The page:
Can a Doctor Be Sued for Failure to Diagnose?
Statistics say that almost half of medical malpractice lawsuits stem from one doctor or another failing to properly diagnose a patient. Some of these cases are less severe and range from minor to completely frivolous, but some of them are much more serious. Some of the more severe cases include doctors who have failed to perform proper tests – either due to stubbornness or arbitrary unwillingness – and the patient becomes critically ill or dies, which could be grounds for civil action. However, not always does the plaintiff have a chance of winning the case, because failing to diagnose is not an outright medical mistake – doctors misdiagnose patients all the time.
When you visit the doctor with complaints of illness, a doctor will usually be able to treat you and then send you home with some medication. In some instances you might be complaining of more severe pain and the doctor will usually be able to perform tests and x-rays in order to diagnose your condition. In some cases the doctors won’t find anything and you’ll just get better on your own – it was probably just a bug passing through. However, what if you don’t get better? It could be that the doctor missed something he should have noticed – considering the doctor’s expertise.
There is ground to sue for misdiagnosis is if the diagnosis is plainly obvious. Malpractice, in its definition, clearly states that a doctor is at fault if they were acting negligently or were incompetent in their practice as a medical professional. What if on an x-ray there is a tumor in a vital organ and as a result of the doctor not catching it, when he or she took the x-ray, resulted in the cancer spreading to the rest of the body? Yet, while you can file a suit against the doctor or the hospital in this instance, there is no guarantee you will win.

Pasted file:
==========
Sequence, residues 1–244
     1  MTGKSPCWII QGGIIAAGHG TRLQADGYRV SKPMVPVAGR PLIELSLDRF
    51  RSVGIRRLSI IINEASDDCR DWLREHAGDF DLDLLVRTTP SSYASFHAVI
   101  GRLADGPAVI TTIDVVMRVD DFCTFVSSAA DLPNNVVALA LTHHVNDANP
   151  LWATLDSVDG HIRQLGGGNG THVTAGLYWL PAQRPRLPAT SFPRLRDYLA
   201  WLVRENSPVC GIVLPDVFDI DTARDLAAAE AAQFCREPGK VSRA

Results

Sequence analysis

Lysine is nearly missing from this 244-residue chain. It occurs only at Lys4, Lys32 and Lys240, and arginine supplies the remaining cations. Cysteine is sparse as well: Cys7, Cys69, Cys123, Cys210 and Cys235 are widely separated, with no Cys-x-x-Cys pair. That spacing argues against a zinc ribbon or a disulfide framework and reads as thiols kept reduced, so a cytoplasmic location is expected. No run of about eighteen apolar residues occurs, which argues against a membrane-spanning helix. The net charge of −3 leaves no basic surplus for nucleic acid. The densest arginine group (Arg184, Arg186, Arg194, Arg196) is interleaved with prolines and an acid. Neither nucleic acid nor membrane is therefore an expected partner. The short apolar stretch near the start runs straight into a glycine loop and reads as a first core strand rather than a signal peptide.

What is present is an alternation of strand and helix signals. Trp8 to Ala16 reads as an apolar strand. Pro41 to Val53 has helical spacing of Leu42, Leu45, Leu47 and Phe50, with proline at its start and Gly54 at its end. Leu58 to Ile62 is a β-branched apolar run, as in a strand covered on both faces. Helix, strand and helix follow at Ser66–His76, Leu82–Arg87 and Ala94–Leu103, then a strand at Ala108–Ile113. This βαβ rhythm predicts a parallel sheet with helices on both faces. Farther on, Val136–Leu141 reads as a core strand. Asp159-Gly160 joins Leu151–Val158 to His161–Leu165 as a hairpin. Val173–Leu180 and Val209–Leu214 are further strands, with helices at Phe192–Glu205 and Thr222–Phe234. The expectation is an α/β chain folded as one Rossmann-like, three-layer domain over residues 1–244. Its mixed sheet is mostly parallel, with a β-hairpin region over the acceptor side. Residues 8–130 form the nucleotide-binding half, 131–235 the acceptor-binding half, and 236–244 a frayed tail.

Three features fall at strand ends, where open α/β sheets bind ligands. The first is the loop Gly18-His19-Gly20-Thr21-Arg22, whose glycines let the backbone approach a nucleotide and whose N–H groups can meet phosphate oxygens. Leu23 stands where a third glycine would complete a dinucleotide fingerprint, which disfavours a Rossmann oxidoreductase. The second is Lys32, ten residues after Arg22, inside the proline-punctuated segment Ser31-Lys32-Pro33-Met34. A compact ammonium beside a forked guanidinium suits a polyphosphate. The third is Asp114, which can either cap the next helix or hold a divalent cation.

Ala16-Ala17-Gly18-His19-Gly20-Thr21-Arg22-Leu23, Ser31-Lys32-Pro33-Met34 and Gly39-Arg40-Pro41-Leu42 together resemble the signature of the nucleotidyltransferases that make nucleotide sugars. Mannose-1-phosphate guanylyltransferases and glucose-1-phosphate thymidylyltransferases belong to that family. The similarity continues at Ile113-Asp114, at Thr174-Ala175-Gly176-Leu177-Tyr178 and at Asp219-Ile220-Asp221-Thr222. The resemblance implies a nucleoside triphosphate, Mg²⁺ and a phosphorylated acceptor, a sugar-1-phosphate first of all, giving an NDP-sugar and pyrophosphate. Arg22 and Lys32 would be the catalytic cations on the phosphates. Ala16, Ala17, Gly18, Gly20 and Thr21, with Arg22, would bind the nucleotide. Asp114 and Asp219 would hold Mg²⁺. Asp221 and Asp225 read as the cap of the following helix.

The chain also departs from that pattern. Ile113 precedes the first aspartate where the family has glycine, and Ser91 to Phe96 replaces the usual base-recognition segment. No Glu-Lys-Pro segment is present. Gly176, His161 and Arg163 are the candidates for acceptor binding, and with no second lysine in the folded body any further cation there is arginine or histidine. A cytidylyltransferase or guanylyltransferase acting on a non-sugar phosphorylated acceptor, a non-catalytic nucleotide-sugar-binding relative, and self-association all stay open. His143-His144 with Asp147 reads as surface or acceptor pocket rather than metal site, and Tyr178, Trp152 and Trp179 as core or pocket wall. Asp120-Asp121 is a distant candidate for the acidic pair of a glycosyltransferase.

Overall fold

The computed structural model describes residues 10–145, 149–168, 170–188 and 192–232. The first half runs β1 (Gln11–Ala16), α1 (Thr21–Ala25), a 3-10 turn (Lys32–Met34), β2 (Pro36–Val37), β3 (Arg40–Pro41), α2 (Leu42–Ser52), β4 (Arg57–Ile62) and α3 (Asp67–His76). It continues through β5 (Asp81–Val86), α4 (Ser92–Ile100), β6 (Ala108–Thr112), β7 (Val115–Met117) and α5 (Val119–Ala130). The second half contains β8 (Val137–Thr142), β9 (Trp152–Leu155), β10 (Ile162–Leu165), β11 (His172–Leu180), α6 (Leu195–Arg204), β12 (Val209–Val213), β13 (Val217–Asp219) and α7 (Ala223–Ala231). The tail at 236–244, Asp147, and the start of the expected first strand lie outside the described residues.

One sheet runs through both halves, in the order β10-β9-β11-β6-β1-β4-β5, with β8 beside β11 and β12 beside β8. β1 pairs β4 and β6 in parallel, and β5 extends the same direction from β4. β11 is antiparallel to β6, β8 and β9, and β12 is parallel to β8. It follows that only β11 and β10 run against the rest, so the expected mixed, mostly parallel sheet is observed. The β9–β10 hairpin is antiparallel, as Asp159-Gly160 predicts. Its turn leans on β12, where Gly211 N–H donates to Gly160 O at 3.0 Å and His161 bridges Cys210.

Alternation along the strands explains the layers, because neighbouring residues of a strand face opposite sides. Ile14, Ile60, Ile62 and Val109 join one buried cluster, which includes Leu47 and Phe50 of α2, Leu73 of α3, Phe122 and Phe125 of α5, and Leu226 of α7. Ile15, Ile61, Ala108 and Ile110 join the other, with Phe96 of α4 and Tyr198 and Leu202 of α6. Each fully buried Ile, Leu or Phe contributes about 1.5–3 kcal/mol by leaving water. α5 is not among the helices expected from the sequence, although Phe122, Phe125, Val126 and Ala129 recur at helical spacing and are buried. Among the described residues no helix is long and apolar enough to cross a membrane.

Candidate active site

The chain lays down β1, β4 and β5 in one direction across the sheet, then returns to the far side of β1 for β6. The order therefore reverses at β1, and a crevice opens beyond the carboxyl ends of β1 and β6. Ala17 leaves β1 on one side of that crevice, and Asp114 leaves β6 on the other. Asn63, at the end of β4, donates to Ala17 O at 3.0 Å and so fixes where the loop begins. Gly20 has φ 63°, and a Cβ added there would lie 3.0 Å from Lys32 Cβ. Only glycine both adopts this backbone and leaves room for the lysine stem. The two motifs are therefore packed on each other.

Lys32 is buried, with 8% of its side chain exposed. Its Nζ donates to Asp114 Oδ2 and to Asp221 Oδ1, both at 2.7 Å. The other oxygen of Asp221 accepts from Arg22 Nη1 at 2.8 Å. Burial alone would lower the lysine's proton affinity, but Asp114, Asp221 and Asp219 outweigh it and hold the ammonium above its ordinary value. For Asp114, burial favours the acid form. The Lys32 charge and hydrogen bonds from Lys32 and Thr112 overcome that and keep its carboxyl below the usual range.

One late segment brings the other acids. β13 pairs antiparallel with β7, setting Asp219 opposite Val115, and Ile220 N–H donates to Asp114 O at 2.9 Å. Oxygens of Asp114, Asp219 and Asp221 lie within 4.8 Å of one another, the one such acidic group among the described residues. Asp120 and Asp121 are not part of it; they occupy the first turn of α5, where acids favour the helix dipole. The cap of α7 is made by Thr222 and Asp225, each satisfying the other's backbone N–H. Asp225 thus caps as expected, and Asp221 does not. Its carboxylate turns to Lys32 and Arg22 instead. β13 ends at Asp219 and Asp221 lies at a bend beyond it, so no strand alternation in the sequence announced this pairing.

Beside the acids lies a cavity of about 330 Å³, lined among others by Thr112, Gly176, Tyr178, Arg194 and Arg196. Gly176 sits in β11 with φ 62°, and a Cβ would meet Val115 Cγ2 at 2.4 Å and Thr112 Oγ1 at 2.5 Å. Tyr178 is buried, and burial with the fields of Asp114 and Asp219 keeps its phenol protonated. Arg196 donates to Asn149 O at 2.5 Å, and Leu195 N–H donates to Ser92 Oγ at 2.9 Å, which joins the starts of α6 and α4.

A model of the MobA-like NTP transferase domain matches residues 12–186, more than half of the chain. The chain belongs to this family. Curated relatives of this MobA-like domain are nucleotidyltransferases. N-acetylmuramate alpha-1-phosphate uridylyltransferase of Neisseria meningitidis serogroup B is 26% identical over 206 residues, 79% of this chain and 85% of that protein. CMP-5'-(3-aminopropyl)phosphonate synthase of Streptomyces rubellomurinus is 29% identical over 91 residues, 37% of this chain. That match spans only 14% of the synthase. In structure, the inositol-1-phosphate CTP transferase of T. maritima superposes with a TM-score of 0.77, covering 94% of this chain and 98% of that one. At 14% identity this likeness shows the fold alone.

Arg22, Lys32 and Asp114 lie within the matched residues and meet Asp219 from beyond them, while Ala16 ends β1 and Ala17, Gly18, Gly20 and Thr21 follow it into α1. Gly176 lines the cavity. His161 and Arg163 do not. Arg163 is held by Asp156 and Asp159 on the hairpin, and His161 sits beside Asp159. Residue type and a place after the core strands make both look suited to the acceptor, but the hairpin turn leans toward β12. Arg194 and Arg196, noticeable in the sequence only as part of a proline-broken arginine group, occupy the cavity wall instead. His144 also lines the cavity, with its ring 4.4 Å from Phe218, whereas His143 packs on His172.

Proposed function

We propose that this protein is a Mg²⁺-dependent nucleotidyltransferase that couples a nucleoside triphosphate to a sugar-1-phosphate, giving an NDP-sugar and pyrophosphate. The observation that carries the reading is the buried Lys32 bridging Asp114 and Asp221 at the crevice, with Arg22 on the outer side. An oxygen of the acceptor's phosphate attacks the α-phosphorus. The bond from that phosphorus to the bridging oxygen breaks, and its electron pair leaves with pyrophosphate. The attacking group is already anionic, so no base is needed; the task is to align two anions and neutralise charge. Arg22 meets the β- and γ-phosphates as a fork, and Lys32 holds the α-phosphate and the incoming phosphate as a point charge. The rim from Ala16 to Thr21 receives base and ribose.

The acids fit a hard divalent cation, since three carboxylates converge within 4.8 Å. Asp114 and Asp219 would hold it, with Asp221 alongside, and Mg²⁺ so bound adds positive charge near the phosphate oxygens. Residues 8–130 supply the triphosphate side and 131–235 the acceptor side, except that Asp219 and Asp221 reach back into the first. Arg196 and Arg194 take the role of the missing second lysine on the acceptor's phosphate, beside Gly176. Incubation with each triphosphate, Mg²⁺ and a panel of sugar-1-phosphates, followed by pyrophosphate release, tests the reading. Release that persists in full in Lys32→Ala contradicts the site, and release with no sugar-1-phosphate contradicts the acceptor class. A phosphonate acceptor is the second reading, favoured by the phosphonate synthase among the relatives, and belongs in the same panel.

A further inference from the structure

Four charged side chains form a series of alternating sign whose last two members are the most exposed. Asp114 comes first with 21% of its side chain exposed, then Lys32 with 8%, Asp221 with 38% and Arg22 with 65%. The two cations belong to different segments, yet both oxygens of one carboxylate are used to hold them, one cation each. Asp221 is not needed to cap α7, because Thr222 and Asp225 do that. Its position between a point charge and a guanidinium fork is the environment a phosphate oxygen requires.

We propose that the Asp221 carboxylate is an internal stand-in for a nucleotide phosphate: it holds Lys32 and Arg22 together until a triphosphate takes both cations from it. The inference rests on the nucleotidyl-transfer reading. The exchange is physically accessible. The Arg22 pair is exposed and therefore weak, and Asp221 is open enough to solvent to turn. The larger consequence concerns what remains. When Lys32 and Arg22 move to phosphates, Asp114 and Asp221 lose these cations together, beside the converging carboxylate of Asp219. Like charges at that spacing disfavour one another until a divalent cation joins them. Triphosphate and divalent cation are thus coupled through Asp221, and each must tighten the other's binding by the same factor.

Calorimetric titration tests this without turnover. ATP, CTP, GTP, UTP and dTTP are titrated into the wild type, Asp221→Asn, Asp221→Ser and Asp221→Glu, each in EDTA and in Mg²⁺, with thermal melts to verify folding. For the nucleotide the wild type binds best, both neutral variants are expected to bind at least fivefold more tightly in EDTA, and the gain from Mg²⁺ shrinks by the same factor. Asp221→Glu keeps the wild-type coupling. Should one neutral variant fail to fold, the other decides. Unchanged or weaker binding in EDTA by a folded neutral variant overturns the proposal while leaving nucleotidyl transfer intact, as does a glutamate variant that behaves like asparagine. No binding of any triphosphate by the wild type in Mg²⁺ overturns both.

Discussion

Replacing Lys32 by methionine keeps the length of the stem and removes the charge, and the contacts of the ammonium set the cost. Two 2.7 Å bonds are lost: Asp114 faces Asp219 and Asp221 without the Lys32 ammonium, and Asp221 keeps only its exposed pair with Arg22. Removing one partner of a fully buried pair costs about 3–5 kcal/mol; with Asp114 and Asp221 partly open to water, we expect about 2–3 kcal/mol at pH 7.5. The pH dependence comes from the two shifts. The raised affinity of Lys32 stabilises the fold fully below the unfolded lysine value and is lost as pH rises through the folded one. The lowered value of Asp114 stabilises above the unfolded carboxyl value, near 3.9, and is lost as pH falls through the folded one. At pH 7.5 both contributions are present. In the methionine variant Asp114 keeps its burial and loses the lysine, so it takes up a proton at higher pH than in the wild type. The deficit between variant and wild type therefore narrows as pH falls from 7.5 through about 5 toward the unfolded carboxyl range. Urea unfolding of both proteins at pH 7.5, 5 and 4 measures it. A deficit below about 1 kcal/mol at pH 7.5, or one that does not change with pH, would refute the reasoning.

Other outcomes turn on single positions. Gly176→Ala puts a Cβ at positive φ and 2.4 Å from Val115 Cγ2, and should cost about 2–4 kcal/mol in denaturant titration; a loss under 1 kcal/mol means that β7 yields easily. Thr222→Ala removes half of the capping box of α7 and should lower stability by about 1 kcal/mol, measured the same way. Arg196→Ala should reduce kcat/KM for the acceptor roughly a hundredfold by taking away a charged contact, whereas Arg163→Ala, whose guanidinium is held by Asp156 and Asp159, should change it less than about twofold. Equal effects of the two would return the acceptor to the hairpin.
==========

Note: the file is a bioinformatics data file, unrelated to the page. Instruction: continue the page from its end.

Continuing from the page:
There is a definite chance that the doctor didn’t catch something – like a tumor in an x-ray – because it was undetectable, even to his or her trained eye. There have been cases where patients went to a doctor to have tests after complaining about pain and discomfort and the doctor’s find nothing, and then the patient goes to another doctor a few months down the line after the pain doesn’t subside and that doctor actually does find something. It could be that the problem got worse and became more noticeable – and not that the first doctor that gave the initial diagnosis acted incompetently.
Lastly, there is also the instance where it is not the doctor that you should be suing, but the medical technology industry. There have many cases where patients file a suit against the doctor, but it is really a faulty pacemaker, a hearing aid causing infection or even transvaginal mesh resulting in discomfort that is to blame. Vaginal mesh was used to treat incontinence in older women, but overtime it started showing signs of wear, which resulted in severe pain and infection in multiple women. In that case, you shouldn’t be suing the doctor or the hospital – you should be looking for a mesh complications lawyer to sue the manufacturer. At the end of the day, you should always get a second opinion – you never know if a doctor truly is acting negligently.